Jazz Club 2017 // The Jazziest Offerings of the Year

We’ve charted out quite the trajectory for Jazz Club over the past few years. Initially, we launched the column as a means of dissecting key albums from throughout the year, starting with what I still fervently believe to be the greatest jazz album of the decade thus far. Then the column began to take on a life all its own, shifting between similarly focused album discussions and larger discussions about the genre as a whole, such as our eulogy for Ornette Coleman and starter kits for things like “jazz albums for metalheads.” We’ve since settled into a consistent groove lately with our quarterly recommendation posts, as it provides us with a means of talking about all the many unique shades of jazz while also drawing your attention to the best and brightest minds keeping the genre alive for many generations to come. As such, we’ve comprised our end of year Jazz Club wrap up with an eclectic recap of the top of the class from the past year. Each of our regular jazz aficionados demonstrate their own preferences when it comes to the genre, but the diversity only serves as a reminder of how there’s always something new and exciting to discover in the genre. No matter how many years and decades go by, nor how little the general public seems to care about the genre, jazz will continue to excel as an art form. If you need proof, we’ve provided ample evidence below that should satiate your jazz needs until 2018 starts the search all over again.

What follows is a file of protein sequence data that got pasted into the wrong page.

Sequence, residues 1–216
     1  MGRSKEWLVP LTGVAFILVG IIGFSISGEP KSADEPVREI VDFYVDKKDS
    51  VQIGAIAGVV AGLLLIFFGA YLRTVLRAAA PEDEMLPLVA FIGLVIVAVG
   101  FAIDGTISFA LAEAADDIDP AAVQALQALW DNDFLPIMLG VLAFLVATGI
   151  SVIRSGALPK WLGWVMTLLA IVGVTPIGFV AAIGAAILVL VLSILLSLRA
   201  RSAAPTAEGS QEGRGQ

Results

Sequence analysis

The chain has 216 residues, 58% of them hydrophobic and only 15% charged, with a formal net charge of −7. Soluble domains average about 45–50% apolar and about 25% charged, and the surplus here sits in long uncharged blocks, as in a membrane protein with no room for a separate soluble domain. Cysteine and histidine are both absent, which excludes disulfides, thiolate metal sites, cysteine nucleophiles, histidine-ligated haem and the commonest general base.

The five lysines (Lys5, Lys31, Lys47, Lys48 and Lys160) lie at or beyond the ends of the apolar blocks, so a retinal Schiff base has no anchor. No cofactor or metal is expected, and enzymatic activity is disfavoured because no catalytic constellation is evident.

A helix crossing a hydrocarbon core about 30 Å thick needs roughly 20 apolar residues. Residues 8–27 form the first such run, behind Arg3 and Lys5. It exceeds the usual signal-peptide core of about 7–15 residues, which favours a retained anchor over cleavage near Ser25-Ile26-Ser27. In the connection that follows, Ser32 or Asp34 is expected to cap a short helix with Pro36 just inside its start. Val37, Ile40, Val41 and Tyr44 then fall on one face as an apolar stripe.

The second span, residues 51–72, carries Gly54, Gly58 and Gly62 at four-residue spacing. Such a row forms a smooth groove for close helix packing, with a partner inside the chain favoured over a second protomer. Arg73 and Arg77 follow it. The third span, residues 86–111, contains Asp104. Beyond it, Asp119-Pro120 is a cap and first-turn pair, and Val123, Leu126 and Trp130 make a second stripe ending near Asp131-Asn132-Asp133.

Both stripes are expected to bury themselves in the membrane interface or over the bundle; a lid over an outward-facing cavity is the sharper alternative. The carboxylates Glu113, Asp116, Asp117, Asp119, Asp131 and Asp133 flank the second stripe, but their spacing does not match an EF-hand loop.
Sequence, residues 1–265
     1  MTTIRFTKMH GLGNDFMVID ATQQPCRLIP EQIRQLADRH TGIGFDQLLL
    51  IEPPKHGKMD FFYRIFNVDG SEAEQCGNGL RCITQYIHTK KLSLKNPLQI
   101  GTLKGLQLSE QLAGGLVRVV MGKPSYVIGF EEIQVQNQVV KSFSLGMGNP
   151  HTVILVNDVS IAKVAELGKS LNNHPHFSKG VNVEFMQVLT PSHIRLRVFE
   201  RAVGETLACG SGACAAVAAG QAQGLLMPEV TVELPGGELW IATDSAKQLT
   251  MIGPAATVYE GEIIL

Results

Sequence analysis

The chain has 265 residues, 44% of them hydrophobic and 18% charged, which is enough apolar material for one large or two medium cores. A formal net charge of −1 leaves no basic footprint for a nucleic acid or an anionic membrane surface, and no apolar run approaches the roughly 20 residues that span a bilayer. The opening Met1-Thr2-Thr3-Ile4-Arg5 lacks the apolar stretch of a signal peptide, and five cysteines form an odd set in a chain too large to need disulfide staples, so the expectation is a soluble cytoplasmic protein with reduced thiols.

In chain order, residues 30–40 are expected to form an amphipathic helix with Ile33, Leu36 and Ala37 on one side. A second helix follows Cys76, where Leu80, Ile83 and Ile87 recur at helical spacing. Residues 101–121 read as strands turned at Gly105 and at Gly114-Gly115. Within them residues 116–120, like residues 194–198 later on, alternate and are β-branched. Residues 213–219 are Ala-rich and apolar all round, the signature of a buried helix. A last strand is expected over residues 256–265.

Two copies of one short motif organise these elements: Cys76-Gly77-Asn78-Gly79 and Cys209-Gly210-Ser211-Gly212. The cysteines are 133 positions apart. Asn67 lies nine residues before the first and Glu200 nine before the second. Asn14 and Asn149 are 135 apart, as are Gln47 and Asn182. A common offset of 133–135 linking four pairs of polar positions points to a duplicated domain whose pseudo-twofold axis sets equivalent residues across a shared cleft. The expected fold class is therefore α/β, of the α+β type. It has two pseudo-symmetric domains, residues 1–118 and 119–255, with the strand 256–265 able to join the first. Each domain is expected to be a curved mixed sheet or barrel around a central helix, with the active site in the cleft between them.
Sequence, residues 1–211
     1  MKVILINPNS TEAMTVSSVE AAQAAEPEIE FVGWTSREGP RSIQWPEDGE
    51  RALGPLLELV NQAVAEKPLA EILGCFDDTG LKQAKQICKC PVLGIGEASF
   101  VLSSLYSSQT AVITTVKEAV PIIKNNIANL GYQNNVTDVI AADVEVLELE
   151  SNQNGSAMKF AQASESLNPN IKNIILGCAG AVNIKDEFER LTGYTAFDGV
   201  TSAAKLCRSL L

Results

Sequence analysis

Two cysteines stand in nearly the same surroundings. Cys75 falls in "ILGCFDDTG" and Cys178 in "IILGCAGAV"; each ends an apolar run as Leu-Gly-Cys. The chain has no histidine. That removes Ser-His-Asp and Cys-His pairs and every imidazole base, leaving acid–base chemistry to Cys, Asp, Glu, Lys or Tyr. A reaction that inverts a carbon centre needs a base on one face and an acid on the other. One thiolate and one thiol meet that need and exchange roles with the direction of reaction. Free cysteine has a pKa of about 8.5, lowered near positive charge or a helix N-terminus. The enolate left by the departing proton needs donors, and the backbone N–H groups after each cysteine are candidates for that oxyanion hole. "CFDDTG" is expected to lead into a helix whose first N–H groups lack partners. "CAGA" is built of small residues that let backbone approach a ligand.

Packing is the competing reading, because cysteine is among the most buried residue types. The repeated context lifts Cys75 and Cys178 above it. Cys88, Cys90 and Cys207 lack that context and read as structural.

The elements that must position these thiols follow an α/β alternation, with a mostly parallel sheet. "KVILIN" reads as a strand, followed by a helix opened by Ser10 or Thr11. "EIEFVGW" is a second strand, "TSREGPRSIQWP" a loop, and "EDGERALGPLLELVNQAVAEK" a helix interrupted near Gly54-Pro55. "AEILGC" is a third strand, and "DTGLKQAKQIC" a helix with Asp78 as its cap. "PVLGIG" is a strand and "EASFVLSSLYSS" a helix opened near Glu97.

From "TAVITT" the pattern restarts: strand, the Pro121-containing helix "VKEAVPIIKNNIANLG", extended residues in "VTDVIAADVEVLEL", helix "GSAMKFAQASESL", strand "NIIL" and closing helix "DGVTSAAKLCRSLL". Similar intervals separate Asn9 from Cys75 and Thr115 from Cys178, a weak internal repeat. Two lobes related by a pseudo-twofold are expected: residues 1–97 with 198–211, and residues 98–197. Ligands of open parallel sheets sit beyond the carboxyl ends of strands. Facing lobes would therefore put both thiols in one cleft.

Scott Murphy

Nick Cusworth’s Top 5 Jazz Albums of 2017

5. Shubh Saran – Hmayra (fusion, progressive jazz)

This one’s for the prog nerds. Guitarist Shubh Saran comes from the crop of young jazz guitarists who are seeking to push both modern instrumental progressive rock/metal and jazz forward with hooky leads, impressive riffs, and solid compositions underneath. Part Tosin Abasi, part Tigran Hamasyan, part Snarky Puppy, and plenty more, Saran’s work has a kind of cool complexity and smoothness to it that belies the technical chops clearly present throughout. His full-length debut Hmayra is a wonderful taste of the talent and potential this Indian American who has already found fascinating ways to weave in traditional music and influence from his birth country possesses. It’s fun, catchy, and demonstrates a deep knowledge and instinct of what makes for great music across all sorts of genres and cultures.

 

4. Alfa Mist – Antiphon (fusion, hip-hop)